Jill Clark's live mixes are nothing to joke about. As our Director of Live Sound, Jill has mastered the art of turning your rehearsals into next level concerts. From humble beginnings, to becoming the 2008 SoJam Champions, and having several VP awards under her belt -- Jill Clark has blessed our ears with her vocal percussion prowess and her command of the stage. Whether you're bumpin' one of her mixes between your earbuds or jumping out of your seat at one of our concerts, it's safe to say there isn't anything Jill can't do.
How did you get involved with a cappella production?
I was in the Sapphires from 2006 to 2010. I emailed Nick and Mark around the same time I was leaving the group, which happened to be around the same time they were starting TVC. I was literally in the right place at the right time. Oh, and I did it for like the first 5 years for free.
How would you describe your preferred production style?
Super clean. I'm a little OCD, so my sessions are always very meticulous. That goes for every aspect of the process. At the moment, I'm super into ballads and making people cry.
What are your musical goals for 2018?
I'd love to spend some time on personal projects. I've been in Deviate for a few years now and we've only ever released one music video. We have an album that's half recorded and just waiting for me to have some free time to work on it. I'd also love for everyone to know that David Longo isn't the only brilliant live sound guy at TVC.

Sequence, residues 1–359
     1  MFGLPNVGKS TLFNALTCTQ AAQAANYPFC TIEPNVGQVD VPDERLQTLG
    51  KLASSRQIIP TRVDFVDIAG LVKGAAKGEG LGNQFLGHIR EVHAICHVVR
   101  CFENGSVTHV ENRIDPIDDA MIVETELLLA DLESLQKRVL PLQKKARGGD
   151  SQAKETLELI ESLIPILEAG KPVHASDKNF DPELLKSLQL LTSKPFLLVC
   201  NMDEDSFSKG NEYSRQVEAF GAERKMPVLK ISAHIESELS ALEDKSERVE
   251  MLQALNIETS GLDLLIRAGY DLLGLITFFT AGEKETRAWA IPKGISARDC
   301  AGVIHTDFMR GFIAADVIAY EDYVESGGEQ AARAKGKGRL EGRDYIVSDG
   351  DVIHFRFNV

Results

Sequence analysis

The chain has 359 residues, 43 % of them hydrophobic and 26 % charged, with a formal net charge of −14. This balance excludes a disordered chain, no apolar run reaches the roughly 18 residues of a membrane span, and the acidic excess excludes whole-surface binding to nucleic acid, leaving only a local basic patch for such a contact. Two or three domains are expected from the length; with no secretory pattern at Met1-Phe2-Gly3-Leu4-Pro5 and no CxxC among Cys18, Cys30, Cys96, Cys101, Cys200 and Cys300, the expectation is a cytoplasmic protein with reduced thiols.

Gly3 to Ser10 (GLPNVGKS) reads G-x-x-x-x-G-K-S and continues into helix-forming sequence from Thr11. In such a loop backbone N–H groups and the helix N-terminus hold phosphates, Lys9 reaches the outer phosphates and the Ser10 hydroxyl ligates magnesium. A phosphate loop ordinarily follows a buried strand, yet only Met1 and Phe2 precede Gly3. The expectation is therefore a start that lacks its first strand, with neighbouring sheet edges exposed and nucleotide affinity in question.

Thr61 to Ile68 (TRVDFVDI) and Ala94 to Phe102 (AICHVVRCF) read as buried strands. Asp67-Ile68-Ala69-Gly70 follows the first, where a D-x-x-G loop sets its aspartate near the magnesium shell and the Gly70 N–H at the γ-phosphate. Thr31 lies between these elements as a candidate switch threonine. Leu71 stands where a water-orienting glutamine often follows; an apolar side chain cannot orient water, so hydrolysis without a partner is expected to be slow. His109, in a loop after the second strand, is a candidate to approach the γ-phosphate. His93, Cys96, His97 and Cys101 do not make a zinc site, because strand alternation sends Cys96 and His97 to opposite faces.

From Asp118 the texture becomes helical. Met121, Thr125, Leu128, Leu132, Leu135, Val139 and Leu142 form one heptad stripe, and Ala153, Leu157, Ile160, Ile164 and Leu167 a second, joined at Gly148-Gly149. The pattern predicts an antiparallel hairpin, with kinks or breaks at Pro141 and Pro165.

What kinds of a cappella projects would you love to get involved with this year?
More professional stuff! Or at least, more collaborative student groups. I've been blessed to work with a few great groups recently like Nothing but Treble or the UMD Generics who are producing great work, and are doing it by really collaborating with their producers. We've all been doing this a long time and it's really hard when you're mixing a project and the group hates all of the choices you made in the first mix. Please trust us more!!
Tell us your favorite memory of working with a group or on a mix from the past year.
I got to edit most of Lark's album. Editing isn't really the most fun part of the job, but without a super clean edit, the mixing engineer has a much tougher time making everything sound good. A good editor is sort of the unsung hero of an album.
I didn't really answer your question, did I? Working with a group--PandemoniUM. I freaking love PandemoniUM. I've been the recording and editing engineer on their last two albums (with Nick mixing) and I've gotten super close with a few of the members (shout out to Dom and Taylor) and I'm really sad to finally see them graduate! I have so much fun with the whole group in session--we've got a great rapport and have gotten really good at getting work done and having fun at the same time.
I will never forget the day I met Cam from Encore. He's the soloist on their CARA-nominated track "Youth". He asked me if I'd ever worked with OneVoice. I said yes and he sort of fan-girl-ed a little bit. Saying how much he loved them, how he looked up to them, how cool it was to work with someone who had worked with them before, etc. Well, now he's nominated right alongside of OneVoice for Best High School Song. I hope he's so proud of himself and the rest of his group--what a great accomplishment! I know I'm proud to have been able to help him get there.